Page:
OPINION: New NASA photos belong in the classroom


Courtesy of NASA

Image captured by NASA’s new James Webb Space Telescope,

After more than 40 years of planning, constructing and eagerly waiting, the National Aeronautics and Space Administration (NASA) scientists have finally revealed the products of the James Webb telescope.

The breathtaking photos show the deepest view of the cosmos ever seen, according to Science News. Along with images of nebulas, dying stars and new galaxies, the photos are believed to provide evidence of the very origins of life itself. 

In a July 11 briefing, where the first photo from the telescope was presented to the media, Vice President Kamala Harris said that the telescope will enhance what is known about the origins of our universe, solar system and life.

The first image, which left NASA scientists in tears, shows just a fraction of what our universe has to offer. Dozens of new galaxies captured in remarkable quality dot an expansive blackness in space that has never before been seen by the human eye. 

These new photos are not only a testament to the vast improvement in space sciences but are also a reminder that there is so much about our universe that we do not know.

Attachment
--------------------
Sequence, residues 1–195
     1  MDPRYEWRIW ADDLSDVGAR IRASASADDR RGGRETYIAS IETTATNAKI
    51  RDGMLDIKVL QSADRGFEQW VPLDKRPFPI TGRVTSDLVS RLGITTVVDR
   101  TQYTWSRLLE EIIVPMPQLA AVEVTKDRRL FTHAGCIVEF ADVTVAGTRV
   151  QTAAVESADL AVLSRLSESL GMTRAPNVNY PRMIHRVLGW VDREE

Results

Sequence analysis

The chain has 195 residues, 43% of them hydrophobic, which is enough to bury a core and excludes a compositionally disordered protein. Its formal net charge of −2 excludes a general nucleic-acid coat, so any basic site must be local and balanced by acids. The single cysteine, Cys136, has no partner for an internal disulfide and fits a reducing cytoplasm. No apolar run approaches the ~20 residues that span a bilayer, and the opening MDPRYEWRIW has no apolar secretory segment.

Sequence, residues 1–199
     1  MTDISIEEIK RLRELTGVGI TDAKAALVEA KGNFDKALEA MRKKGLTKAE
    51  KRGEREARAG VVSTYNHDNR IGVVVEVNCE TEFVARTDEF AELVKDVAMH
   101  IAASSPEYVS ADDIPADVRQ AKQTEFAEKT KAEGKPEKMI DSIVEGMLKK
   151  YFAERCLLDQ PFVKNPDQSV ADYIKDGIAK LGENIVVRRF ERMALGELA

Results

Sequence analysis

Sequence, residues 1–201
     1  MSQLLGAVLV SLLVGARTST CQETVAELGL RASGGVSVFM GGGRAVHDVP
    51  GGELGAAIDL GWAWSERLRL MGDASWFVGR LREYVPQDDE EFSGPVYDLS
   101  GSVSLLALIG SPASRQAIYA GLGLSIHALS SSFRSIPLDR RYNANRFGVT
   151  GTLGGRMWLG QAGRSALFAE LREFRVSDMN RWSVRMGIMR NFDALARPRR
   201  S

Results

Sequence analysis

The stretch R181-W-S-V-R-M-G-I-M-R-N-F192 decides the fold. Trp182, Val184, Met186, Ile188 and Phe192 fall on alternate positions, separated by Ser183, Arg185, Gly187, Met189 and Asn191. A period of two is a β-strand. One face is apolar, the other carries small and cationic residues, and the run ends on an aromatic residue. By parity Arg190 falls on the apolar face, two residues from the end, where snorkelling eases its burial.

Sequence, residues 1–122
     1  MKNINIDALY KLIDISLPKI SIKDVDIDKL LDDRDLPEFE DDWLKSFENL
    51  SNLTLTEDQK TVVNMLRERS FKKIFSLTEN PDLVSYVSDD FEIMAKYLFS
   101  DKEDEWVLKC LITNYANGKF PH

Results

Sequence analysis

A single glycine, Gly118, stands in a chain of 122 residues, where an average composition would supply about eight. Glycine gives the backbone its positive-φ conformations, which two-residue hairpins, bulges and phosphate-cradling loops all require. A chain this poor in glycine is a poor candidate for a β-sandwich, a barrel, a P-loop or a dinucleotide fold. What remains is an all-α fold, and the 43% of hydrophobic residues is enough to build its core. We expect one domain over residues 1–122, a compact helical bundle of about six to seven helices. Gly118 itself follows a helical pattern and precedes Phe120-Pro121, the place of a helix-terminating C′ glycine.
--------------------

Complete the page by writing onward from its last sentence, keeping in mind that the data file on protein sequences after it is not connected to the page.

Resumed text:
Hopefully, the new data and images captured by the telescope will be presented in WSU courses such as Introduction to Modern Astronomy and Astrophysics. All WSU students pursuing a bachelor’s degree are required to complete a physical science course. Many of the options, including the aforementioned courses, pertain to space and cosmic bodies. 

Because we are constantly learning more in space sciences, it’s important that these classes continue to evolve and teach new information as we uncover it. The discoveries of today will serve as the foundation for future knowledge. 

By keeping these courses modern and updating the material and topics frequently, WSU will better prepare its students for a future of success in space sciences.

While this leaves instructors with only a month before fall courses begin, that shouldn’t stop them from incorporating the new NASA photos and data. 

I’m certain that most physical science course instructors have followed the James Webb telescope closely, but those who haven’t shouldn’t be afraid to learn alongside their students. 

After all, the knowledge of the old passed on to the new is exactly how we made it far enough in science to launch a powerful telescope into the void of space and receive data and images from it.